Headache and Migraine

  • Basics

    Headache is one of the most common human pains. Headaches are usually little more than a passing annoyance. However, headaches can also be chronic and severe, and can disrupt your daily life. Some headaches are so intense that they require bed rest. Headaches can signal a more serious problem such as an infection or a tumor.

    About 70% to 80% of the population experiences headaches. Fifty percent of the population experiences headaches at least once per month, 15% experience headaches at least once per week, and 5% experience daily headaches. One survey found that more than 80% of people who have migraine headaches miss work or are unable to perform their household duties.

    While migraine headaches can begin at any age, they typically begin between the ages of 10 and 30. The headaches generally become less intense after age 50. Women experience headaches more often than do men.

    Tension and migraine headaches are the two most common types of headache. A tension headache is a dull, steady pain that is sometimes described as a tight band-like or vise-like gripping pressure around your head. A migraine headache is an intense throbbing pain that usually affects one side of your head, and often is accompanied by nausea and vomiting. Migraine headaches may also be preceded by an aura such as a visual hallucination or a pins-and-needles feeling on one side of your body.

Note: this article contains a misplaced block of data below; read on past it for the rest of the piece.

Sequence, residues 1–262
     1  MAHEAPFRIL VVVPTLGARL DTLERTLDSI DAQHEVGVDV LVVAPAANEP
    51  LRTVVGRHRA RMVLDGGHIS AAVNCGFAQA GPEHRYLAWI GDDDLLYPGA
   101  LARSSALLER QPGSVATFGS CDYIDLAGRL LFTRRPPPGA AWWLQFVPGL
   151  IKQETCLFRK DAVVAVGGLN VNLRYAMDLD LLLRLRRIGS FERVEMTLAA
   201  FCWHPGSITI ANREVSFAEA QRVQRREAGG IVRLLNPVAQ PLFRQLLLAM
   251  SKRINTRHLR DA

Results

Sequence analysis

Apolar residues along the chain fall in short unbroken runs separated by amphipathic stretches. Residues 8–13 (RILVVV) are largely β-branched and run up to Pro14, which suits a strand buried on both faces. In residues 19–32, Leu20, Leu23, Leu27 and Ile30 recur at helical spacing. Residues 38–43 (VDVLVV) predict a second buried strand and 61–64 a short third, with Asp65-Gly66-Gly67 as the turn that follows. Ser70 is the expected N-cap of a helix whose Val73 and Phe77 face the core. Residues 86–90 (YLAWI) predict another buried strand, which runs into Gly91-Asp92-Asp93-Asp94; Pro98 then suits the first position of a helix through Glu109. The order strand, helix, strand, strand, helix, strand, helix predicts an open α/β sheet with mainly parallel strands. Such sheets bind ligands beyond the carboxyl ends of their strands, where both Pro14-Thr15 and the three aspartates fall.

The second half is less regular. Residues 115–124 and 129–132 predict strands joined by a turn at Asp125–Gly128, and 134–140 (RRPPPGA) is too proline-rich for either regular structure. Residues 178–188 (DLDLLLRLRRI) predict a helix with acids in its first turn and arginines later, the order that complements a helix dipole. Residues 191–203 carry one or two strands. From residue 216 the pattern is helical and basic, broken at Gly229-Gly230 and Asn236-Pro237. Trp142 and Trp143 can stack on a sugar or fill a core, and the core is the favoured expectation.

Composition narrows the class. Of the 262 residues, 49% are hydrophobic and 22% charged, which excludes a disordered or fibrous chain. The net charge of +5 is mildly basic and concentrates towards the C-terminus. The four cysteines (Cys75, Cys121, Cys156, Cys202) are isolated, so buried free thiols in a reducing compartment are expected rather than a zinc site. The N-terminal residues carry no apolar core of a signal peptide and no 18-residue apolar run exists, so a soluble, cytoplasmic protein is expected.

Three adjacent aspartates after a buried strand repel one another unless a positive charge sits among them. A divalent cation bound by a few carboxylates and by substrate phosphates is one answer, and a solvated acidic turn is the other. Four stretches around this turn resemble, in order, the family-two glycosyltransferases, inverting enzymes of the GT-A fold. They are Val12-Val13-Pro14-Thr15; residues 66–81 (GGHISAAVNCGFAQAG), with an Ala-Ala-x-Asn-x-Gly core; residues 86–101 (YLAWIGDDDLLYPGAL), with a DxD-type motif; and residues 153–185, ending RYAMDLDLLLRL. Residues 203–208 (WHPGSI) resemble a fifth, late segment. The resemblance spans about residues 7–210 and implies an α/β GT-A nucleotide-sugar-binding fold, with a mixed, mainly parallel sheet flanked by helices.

Tension headaches usually subside within a few hours. Migraine headaches are much more intense than tension headaches. If untreated, migraine headaches can linger for days. Exercise will make a migraine headache worse, but may improve a tension headache.

  • Causes

    Migraine headaches happen when the arteries of your head widen and become inflamed. Some people get a migraine headache after eating chocolate, oversleeping, or drinking red wine. Skipping a meal or going without food for too long can cause them, too. Sleep deprivation and emotional stress are other well-known triggers. In women, hormonal fluctuations associated with menstruation and ovulation may induce migraine headaches.

    Tension headaches are caused by muscle tension in the head and neck. Stress is a major factor that initiates tension headaches. Sitting in an uncomfortable position for too long or being fatigued can also lead to tension headaches. Like migraine headaches, tension headaches can also be triggered by lack of sleep or skipping a meal.

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